Mon July 19
1800 W Burnside
Back in the early days of the Portland Mercury, we wrote an article on Glass Candy, and Sean Tejaratchi--the Mercury's first art director--wanted to run an accompanying picture of the band. Unhappy with their press photo, Glass Candy's Johnny Jewel asked if Sean could run a collage instead. Sean accused Johnny of being a pretentious primadonna. Johnny accused Sean of being a hypocritical conservative. A tiff ensued.
Sean ended up publishing a photo of Glass Candy with faces of hillbillies superimposed over their faces. It was so funny, even the band laughed. This anecdote epitomizes the relationship Portland has with the band: they are popular enough to warrant press and word-of-mouth praise, but are constantly accused of being a pretentious, overly fashionable, image-conscious glam band.
The question is: why is Glass Candy liked everywhere except their hometown of Portland? The answer is hard to pinpoint. The band consists of two thin, pretty kids with highly stylized hair, clothes and make-up; their music is minimal and dancey, an unironic launch of '80s new wave and art-pop with moody vocals.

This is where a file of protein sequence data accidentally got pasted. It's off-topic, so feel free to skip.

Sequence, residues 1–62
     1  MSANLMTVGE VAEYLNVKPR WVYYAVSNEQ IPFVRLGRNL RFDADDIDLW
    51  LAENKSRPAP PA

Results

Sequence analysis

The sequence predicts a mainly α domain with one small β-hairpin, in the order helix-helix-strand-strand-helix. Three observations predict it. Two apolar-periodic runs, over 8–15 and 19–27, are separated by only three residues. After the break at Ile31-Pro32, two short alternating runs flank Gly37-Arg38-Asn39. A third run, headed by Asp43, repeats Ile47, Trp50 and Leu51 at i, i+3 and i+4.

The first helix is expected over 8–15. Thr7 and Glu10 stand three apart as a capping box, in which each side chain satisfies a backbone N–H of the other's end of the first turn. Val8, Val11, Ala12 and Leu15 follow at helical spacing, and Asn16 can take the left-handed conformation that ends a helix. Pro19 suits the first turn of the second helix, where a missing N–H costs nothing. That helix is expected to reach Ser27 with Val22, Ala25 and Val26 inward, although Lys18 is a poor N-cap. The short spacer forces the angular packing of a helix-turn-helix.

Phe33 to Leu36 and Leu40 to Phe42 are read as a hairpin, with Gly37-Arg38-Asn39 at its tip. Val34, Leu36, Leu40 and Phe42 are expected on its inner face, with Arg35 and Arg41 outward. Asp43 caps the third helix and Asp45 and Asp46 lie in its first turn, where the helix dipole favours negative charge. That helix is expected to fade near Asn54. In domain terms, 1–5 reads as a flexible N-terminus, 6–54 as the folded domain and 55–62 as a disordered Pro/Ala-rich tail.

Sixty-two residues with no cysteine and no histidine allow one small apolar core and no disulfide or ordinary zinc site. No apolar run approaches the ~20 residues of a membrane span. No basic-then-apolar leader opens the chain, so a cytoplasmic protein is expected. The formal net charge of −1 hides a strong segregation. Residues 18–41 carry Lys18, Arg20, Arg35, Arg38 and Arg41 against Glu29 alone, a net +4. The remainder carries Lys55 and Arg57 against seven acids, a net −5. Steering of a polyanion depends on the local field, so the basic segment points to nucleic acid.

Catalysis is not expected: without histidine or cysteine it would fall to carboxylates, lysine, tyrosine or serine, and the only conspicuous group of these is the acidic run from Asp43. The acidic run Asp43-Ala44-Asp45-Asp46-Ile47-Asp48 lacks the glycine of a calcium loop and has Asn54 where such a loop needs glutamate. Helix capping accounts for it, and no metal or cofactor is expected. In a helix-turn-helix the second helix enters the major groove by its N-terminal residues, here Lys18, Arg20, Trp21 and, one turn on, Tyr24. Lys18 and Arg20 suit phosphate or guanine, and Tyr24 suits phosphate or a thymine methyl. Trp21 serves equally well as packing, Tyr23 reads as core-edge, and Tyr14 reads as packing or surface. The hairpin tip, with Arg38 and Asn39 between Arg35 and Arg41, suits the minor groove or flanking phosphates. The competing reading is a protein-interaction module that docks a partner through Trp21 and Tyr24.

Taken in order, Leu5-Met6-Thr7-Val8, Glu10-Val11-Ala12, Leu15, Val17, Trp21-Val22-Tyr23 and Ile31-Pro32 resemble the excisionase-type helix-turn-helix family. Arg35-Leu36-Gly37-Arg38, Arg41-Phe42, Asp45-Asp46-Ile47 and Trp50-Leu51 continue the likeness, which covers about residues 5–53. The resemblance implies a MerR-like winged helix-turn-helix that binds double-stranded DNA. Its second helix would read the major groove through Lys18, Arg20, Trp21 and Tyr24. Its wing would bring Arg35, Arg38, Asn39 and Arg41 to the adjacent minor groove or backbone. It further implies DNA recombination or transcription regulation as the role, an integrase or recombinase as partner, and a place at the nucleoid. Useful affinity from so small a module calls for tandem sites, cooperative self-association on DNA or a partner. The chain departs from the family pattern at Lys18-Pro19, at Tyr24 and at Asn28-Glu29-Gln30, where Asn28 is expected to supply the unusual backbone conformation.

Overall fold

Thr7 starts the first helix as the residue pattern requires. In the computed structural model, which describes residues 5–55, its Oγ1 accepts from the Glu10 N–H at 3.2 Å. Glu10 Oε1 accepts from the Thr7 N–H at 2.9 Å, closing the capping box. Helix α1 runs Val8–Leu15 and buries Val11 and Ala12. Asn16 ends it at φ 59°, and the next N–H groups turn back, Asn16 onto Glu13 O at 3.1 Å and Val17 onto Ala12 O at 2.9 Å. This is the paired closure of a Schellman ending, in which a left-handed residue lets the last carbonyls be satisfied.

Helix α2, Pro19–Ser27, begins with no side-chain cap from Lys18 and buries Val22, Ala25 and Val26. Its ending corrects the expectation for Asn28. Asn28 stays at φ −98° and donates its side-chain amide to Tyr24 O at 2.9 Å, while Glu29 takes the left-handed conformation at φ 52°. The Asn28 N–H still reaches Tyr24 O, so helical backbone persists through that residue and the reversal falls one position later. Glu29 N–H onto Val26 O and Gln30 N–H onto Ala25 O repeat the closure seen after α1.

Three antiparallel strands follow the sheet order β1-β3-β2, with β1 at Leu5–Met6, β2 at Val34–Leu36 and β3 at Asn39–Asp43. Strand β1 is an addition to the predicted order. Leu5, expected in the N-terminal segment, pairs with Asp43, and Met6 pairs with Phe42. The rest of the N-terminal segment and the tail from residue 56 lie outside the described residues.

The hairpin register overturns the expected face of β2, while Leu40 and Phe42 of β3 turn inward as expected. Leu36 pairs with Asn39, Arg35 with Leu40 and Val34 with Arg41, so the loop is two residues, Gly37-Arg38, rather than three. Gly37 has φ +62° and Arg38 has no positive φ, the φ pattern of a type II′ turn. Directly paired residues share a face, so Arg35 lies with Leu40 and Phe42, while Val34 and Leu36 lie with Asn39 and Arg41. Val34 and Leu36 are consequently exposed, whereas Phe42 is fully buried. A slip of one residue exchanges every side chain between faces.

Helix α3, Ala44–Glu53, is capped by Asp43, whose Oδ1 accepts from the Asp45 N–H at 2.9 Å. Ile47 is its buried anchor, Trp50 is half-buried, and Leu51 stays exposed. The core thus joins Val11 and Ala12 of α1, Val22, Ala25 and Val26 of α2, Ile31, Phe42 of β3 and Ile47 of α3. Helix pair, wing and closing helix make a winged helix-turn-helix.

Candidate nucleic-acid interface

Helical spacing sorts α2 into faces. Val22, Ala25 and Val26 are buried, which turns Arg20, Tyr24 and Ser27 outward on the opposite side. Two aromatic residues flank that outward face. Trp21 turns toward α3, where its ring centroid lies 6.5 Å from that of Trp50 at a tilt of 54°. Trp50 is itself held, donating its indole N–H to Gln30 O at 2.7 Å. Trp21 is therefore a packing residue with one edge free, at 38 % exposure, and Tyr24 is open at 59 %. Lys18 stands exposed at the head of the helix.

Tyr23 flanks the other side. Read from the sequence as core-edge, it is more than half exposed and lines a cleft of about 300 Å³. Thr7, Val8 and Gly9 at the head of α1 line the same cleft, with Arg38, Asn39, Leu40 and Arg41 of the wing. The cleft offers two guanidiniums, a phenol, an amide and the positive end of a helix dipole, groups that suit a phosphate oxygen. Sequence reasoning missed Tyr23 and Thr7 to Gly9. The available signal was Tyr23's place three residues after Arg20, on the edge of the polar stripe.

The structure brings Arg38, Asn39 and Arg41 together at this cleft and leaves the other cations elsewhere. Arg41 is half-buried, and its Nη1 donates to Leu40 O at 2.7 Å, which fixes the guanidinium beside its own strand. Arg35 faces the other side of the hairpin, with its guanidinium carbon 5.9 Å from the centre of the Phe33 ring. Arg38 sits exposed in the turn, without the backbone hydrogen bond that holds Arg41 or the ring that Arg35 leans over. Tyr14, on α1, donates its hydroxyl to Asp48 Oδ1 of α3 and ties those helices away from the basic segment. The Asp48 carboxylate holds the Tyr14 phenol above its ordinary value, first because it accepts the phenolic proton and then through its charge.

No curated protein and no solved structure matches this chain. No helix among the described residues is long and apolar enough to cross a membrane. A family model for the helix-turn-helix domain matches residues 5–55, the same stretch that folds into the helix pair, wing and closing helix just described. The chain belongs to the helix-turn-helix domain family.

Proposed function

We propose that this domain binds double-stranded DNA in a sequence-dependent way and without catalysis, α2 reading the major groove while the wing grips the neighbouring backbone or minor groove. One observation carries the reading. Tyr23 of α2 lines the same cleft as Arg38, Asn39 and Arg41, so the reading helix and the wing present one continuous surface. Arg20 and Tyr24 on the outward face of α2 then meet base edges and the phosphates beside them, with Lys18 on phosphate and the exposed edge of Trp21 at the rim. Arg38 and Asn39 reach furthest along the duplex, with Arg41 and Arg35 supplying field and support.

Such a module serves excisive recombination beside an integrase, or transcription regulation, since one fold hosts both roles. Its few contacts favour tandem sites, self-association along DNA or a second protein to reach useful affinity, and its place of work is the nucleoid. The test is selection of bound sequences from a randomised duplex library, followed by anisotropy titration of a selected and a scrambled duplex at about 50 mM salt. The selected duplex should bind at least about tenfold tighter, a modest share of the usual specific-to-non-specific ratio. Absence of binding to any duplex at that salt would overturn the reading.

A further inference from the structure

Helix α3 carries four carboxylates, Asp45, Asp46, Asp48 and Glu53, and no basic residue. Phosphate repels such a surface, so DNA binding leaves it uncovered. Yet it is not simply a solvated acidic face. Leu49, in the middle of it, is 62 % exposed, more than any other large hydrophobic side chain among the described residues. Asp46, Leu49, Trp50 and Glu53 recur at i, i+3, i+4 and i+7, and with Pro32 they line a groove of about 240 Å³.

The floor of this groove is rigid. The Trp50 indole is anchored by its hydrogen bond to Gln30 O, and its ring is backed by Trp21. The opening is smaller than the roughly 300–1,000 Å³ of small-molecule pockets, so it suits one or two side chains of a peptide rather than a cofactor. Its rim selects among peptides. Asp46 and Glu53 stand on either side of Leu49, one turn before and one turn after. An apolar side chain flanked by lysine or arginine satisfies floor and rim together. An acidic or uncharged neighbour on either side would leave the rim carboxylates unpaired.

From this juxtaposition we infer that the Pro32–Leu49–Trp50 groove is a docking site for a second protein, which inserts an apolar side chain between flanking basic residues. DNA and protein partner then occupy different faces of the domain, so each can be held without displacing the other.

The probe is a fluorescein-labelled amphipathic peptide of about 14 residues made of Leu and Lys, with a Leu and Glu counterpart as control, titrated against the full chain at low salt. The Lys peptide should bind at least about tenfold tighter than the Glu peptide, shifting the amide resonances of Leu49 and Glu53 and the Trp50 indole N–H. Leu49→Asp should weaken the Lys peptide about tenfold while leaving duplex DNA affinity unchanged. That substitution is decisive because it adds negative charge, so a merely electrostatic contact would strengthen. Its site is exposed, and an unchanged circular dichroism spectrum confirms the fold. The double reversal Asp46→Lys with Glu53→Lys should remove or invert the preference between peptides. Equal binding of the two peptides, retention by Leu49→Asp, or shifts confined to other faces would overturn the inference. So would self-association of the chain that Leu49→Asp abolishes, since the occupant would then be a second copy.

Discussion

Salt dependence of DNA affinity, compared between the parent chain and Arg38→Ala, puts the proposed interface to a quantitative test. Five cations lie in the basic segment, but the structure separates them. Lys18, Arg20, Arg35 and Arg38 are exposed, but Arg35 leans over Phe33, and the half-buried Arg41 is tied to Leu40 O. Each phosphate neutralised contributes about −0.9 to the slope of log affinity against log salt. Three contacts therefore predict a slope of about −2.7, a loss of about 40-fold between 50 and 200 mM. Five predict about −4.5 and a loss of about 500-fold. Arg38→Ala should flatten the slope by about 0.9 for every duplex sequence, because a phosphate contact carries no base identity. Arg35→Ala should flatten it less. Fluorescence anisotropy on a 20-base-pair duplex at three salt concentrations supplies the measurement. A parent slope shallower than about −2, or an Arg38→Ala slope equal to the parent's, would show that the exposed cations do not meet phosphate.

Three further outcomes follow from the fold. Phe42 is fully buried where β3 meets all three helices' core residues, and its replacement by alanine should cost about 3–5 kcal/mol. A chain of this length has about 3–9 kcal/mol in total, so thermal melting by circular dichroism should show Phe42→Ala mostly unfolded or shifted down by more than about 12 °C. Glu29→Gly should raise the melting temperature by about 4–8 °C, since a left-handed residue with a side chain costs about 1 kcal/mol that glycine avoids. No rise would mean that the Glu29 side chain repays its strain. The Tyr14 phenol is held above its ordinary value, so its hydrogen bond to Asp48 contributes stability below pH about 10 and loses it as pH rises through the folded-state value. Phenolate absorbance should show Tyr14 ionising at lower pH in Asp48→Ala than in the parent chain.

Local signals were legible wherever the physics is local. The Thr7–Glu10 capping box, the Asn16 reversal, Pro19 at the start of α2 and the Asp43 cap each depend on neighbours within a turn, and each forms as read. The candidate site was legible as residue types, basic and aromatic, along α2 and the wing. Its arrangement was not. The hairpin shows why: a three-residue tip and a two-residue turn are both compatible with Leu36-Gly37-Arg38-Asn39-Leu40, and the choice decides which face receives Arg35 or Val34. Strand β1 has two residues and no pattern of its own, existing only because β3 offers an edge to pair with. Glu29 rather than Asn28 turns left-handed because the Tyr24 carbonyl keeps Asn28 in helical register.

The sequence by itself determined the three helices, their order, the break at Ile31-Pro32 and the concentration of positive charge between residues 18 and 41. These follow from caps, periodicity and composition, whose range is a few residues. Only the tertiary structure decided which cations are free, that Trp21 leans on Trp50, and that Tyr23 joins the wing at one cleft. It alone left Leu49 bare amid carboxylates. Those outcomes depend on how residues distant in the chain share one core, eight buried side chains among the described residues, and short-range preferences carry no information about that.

Glass Candy doesn't seem to be out to convert anyone to their music. The band has no website, press kit, or label promotion, running almost entirely on word-of-mouth fandom. Portland's indierock history is full of earnest, singer-songwriter types, but it doesn't mean the Portland audience is too unsophisticated to understand the vibe of Glass Candy. It seems more likely that they are an unpretentious band with a very pretentious face.
Regardless, after tours of Europe, the US, and sold-out shows in New York, Glass Candy returned home to play three shows--at the fucking bowling alley. (No offense to Grand Central.) If you're interested in seeing one of Portland's most controversial bands get out of the gutter, they're at Nocturnal this weekend, opening for the Gossip, dividing fans and not really giving a shit either way.